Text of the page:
Each December for the last nine years, Seven  Days has published a list of aptronyms — that is, people's names that are apt (hence the term) to their employment, avocation or unique life circumstance.

Last year's list included several folks whose apropos monikers showed up in our  inboxes or Google alerts due to their alleged criminal activities. They included 53-year-old Michael Gordon Dick, of Gresham, Ore., who was popped by police for masturbating, naked, in the vicinity of Oregon's Tickle Creek.

Then there was Elias Rushing, the 19-year-old Dorset man who crashed his car into a house in Rupert while fleeing a Vermont state trooper who was trying to pull him over for speeding.

And who could forget the aptly named chocolate Labrador retriever from North Webster, Ind. — Trigger — that shot its owner, Allie Carter, in the foot after stepping on her 12-gauge shotgun.

Continue reading »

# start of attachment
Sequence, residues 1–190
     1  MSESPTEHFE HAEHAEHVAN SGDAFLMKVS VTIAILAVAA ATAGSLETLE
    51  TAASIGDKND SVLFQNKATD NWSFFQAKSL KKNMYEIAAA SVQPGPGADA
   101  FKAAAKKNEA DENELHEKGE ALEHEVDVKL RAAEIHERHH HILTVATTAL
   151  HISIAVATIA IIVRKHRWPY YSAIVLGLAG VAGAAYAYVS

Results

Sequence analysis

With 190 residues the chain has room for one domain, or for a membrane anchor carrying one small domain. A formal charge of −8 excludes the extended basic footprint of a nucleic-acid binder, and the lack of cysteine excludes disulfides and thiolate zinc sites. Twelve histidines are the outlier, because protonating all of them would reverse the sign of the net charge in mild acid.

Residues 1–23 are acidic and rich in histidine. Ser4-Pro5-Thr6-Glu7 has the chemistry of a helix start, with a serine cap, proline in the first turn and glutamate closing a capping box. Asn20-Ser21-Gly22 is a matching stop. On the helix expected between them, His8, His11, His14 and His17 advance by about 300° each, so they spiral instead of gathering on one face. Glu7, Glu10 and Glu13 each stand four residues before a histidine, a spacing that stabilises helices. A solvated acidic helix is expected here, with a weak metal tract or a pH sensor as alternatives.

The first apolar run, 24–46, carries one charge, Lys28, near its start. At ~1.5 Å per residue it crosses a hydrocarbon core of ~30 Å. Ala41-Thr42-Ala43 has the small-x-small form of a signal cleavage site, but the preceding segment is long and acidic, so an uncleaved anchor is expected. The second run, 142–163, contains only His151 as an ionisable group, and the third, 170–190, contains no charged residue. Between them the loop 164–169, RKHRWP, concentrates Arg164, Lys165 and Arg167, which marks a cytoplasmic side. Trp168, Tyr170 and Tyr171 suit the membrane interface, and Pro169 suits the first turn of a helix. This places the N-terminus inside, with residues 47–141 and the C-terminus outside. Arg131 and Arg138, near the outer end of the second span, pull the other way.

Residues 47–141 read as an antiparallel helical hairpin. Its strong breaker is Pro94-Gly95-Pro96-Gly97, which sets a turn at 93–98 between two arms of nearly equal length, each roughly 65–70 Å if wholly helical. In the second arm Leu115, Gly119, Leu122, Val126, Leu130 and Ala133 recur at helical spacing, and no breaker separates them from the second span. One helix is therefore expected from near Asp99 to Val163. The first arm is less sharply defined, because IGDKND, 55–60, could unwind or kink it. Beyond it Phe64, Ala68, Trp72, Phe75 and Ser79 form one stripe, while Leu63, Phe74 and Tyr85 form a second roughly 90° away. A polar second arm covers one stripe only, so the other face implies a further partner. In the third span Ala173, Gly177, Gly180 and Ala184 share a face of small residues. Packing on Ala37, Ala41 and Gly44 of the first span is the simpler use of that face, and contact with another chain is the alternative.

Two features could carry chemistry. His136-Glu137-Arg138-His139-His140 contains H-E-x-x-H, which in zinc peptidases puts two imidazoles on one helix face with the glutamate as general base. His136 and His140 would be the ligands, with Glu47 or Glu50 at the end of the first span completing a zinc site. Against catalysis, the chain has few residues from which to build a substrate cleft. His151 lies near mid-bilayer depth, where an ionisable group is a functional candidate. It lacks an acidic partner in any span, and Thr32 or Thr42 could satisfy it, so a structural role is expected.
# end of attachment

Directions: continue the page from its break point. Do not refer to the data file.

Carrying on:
Tags: , , , , ,

Monday, November 21, 2016

Joke of the Week: The Name Game

Posted By on Mon, Nov 21, 2016 at 9:15 AM

inarticle300-jokeweek.jpg
It's Monday, which means it's time for your weekly dose of locavore levity: the Joke of the Week! This week's joke comes from South Montpelier's Sky Sandoval. Take it away, Sky …

So, my name is Sky. I have two half-sisters, and my half-sisters' names are: Star … and Jennifer.

It’s an interesting choice on my dad’s part naming us Sky, Star and Jennifer. It makes me wonder what he’d be like if he were in charge of other things using that logic. I always like to imagine what it’d be like if he booked a music festival.

Continue reading »

Tags: , ,

Thursday, November 17, 2016

Ideas Take Center Stage at ArtsRiot This Fall

Posted By on Thu, Nov 17, 2016 at 5:14 PM

Brian Murphy - SADIE WILIAMS
  • Sadie Wiliams
  • Brian Murphy